Dtv avDw ns nL


Here g, a, v, Dw, pd, and R are gravity acceleration, a torsion factor that considers curvatures in the soil material due to roots (Sasamori 1970, Zdunkowski et al. 1975, Sievers et al. 1983, Kramm et al. 1996), a correction factor that is typically close to 1, the molecular diffusion coefficient of water vapor in moist air, and the density and gas constant for dry air, respectively.

In Eq. (1), the first term on the right side represents soil-temperature changes by divergence of soil-heat fluxes. The second term describes the divergence of soil-heat fluxes due to water-vapor transfer. The third term expresses how a soil-moisture gradient contributes to the soil-temperature change (Dufour effect), and the last term addresses soil-temperature changes due to freezing/thawing. In Eq. (2), the first two terms on the right side give the changes in volumetric water content caused by divergence of water vapor and water fluxes. The third term indicates how a temperature gradient contributes to the change in volumetric water content (Ludwig-Soret effect). The saturation vapor pressure is a function of soil-temperature. Consequently, a soil-temperature gradient leads to differences in saturation pressure and a water vapor flux that modifies soil moisture. This phenomenon is well known to exist in other porous media (e.g., snow). The fourth term gives changes due to hydraulic conductivity, the fifth considers water uptake by roots, and the last term represents changes due to freezing/thawing. The Ludwig-Soret and Dufour effects are cross-phenomena typically considered in the thermodynamics of irreversible processes.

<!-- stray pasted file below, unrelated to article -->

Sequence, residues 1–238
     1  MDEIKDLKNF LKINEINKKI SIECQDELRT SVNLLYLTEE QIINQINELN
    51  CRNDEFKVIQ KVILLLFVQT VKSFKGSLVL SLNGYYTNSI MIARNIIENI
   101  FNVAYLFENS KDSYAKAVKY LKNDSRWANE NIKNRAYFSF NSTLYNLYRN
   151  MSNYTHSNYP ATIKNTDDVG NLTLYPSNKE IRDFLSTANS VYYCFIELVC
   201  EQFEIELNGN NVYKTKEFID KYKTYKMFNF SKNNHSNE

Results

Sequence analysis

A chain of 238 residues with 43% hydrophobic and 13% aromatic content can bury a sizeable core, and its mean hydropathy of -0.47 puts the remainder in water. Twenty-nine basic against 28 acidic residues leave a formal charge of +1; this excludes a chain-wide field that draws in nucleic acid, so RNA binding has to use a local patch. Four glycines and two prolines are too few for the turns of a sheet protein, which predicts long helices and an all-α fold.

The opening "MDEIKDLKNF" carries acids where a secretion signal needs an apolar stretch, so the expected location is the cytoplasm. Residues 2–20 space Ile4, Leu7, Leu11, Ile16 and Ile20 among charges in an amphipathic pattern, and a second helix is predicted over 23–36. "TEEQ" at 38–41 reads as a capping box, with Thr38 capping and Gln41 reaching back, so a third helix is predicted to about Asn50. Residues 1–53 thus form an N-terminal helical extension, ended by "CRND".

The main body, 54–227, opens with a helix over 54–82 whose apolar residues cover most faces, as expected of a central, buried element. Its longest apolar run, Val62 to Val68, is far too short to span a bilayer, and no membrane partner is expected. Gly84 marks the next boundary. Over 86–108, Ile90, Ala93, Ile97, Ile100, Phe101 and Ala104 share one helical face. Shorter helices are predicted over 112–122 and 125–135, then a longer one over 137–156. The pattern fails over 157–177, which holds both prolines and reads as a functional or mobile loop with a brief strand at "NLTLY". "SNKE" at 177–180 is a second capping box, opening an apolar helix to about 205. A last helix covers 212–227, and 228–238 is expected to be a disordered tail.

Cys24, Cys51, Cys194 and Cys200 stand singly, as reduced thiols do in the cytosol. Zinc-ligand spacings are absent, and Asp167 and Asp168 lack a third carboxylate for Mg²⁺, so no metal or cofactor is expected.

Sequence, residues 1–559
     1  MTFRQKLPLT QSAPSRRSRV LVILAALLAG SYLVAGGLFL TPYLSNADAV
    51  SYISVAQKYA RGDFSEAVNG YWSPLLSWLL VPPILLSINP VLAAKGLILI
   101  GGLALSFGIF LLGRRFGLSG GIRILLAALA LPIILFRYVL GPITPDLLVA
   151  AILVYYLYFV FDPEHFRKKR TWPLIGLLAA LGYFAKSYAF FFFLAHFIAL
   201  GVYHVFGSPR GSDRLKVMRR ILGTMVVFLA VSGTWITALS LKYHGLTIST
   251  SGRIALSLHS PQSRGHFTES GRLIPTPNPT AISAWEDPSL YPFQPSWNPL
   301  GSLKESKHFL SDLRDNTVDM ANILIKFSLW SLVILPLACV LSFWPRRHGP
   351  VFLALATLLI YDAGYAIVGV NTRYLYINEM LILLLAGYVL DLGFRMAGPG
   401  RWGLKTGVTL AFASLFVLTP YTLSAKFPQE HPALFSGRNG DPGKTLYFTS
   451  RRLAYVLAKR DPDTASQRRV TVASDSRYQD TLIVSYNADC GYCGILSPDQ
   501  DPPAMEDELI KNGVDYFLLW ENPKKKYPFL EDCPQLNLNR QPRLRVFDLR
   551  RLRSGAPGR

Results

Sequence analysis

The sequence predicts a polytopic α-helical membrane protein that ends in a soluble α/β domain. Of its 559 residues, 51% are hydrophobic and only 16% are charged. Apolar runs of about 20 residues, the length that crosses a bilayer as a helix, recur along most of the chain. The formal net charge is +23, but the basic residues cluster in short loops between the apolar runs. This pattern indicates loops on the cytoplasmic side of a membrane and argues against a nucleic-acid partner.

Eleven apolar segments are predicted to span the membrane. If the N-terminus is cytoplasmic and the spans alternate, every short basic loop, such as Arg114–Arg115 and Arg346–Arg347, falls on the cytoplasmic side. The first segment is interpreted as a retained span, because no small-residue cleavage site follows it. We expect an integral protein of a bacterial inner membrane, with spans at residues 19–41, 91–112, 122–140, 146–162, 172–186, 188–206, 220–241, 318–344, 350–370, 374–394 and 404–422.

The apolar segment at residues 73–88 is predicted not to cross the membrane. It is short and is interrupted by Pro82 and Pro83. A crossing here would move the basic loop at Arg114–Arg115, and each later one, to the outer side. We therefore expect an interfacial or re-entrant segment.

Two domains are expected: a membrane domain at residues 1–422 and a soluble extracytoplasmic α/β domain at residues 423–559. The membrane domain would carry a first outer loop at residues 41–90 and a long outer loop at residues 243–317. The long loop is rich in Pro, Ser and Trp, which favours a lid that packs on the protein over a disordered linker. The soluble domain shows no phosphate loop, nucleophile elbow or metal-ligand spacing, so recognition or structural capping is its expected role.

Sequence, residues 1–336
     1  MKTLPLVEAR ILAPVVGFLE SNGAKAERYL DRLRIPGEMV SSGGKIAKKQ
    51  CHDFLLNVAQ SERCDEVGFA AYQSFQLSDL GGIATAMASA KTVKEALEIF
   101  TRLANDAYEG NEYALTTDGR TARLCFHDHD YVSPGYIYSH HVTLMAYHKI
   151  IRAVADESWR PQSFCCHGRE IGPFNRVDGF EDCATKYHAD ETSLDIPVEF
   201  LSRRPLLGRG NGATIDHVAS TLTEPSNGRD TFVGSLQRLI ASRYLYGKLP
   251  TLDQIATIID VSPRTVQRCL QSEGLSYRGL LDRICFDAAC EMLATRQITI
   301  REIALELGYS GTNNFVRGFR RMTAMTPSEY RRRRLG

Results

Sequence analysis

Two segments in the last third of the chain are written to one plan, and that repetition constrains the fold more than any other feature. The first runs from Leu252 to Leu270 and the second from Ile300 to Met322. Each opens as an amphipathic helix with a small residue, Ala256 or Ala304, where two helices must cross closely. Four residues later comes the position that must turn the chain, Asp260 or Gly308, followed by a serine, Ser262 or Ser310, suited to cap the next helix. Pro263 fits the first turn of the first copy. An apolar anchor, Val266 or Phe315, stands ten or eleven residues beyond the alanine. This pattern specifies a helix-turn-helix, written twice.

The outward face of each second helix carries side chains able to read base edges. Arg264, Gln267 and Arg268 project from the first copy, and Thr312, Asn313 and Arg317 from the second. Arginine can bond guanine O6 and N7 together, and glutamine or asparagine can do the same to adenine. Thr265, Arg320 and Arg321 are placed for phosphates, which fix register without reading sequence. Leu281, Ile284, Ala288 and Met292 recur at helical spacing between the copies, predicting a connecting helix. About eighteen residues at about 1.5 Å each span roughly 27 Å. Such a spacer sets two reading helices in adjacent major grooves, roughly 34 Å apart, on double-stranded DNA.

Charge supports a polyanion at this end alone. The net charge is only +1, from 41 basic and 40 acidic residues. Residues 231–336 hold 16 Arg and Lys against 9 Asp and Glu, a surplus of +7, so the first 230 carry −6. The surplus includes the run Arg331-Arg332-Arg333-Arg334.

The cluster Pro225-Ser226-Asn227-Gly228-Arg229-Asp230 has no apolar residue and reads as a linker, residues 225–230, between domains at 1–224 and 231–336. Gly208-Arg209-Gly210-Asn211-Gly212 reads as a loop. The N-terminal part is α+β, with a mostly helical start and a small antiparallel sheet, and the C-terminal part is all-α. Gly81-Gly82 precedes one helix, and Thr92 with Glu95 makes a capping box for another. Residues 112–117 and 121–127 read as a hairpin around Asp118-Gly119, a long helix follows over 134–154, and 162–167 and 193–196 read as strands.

If ice is present, soil-water potential Y, will remain in equilibrium with the vapor pressure over pure ice given by (Fuchs et al. 1978)

Here n is the osmotic potential. Osmotic effects due to solutes are typically omitted in NWPMs. However, they should be considered in chemistry transport models (CTMs), GCMs and ESMs in conjunction with solute chemistry because thawing of the active layer or permafrost releases traces gases (e.g., methane).

At any given soil temperature below 0oC all water in excess of (Flerchinger and Saxton 1989)

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